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Making the case that Mussorgsky had a hand in the dramatic scores of Star Trek

Making the case that Mussorgsky had a hand in the dramatic scores of Star Trek featured image

Modest Mussorgky, along with Rimski-Korsakov, was a Russian composer on a mission: to compose music with a distinct Russian sound. Like Bela Bartok a few decades later, Mussorgsky used rustic folk themes as a basis on which to write his music. While Bartok travelled and gathered music across Europe, Mussorgsky was firmly Russian in his mission.

One of Mussorgsky’s best-known works is Pictures at an Exhibition, originally written for solo piano, later orchestrated by Ravel (and others, but Ravel’s is so good, and reveals his supreme gifts at orchestration). This work depicts someone strolling through an art gallery, and the works of art themselves.

What I love about the orchestral version of Pictures at an Exhibition is an association I have with a beloved television show I watched when it was re-broadcast during my childhood … I was once hanging out during a Toronto Symphony Orchestra concert. My brother Jon (Jackie) Kimura Parker was the soloist, and my other brother Jamie was, for once, not touring, and we were all in Jackie’s dressing room after Jackie’s concerto performance for a rare family catch-up. Pictures at an Exhibition was on the second half. As we chatted, we realized some of the Mussorgsky reminded us of the music written for the battle scenes from the original “Star Trek” television series. While I tried to focus on imagining someone strolling through an art gallery and seeing all kind of interesting works of art, I kept imagining Captain Kirk fighting off a Klingon or the Gorn.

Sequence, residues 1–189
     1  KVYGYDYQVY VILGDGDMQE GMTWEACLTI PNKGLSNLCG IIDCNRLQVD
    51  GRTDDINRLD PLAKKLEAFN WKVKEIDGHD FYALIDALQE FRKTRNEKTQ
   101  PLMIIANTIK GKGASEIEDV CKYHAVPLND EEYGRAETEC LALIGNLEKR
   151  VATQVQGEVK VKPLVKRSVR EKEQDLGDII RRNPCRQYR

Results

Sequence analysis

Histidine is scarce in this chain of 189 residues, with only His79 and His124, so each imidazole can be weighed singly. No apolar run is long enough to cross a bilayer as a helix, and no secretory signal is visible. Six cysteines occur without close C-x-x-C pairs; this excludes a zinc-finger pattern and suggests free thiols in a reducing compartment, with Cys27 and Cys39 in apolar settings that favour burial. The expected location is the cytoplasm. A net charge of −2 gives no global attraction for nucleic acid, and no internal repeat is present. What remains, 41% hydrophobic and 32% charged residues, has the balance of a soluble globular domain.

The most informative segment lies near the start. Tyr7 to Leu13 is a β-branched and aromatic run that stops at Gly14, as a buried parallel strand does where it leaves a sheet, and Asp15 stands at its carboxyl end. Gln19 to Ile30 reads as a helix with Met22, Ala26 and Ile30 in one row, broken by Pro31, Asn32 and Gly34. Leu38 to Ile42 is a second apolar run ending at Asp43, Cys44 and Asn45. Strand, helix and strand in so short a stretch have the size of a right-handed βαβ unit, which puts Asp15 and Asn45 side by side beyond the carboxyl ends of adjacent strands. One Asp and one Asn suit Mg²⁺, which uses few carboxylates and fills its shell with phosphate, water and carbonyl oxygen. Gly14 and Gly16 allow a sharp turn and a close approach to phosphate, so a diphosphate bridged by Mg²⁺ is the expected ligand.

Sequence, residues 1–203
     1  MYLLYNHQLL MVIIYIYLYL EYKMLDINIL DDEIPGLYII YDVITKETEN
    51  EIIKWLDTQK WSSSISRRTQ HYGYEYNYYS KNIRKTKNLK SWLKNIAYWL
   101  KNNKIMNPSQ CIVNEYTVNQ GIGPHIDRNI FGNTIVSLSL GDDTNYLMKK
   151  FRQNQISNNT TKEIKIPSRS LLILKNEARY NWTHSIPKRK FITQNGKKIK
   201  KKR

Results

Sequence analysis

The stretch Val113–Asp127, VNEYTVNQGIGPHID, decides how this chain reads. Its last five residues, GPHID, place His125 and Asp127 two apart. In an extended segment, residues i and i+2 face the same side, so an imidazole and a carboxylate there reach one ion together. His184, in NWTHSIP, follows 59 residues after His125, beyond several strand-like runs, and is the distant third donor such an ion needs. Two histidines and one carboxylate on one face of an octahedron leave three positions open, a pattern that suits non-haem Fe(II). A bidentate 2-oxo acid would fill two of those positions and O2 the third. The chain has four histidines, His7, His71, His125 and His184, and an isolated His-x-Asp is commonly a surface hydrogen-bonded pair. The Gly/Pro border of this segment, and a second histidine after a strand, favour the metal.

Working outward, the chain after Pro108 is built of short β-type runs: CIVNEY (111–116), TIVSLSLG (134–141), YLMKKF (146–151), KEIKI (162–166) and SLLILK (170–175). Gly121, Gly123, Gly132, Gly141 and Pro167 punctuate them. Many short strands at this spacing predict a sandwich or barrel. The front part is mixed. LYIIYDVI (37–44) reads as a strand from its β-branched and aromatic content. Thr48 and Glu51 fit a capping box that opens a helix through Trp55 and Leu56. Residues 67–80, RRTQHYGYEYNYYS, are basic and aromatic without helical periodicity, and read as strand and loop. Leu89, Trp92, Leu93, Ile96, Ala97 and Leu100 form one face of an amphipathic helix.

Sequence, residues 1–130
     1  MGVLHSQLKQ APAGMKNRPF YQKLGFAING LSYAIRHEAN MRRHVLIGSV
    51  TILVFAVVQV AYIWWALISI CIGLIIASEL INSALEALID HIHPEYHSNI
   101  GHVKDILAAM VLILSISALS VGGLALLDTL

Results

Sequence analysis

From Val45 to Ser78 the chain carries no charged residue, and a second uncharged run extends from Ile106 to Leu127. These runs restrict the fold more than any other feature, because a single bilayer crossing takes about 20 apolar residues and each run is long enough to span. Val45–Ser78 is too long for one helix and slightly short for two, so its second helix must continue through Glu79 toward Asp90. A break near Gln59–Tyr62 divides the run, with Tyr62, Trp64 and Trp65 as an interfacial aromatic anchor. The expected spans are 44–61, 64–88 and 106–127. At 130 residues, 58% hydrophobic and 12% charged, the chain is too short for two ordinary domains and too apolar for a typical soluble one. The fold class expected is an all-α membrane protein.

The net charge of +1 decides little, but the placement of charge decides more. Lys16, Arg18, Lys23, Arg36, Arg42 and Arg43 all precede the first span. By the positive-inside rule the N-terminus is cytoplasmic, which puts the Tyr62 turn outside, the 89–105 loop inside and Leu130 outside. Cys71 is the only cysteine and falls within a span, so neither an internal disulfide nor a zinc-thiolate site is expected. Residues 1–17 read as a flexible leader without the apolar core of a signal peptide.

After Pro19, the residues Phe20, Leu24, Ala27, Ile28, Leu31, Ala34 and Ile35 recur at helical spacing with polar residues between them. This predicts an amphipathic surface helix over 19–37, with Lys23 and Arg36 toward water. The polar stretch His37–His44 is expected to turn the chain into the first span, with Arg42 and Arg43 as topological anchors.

Below are selections from both Pictures at an Exhibition and the original Star Trek music. There’s no comparing actual melodies; it’s more the orchestration and overall drama that struck me as similar.

The Leipzig Gewandhaus Orchestra is conducted by Kurt Masur. The part that reminds me of Star Trek battles scenes happens at 28:59.

John Williams conducts Star Trek: The Original Series Theme, which is extended to include other themes not heard in the opening credits. At 1:18, I hear the “battle scenes” that remind me so much of Mussorgsky.

Modest Petrovich Mussorgsky was born March 21, 1839 outside of St. Petersberg, and died March 28 1881 in St. Petersberg.



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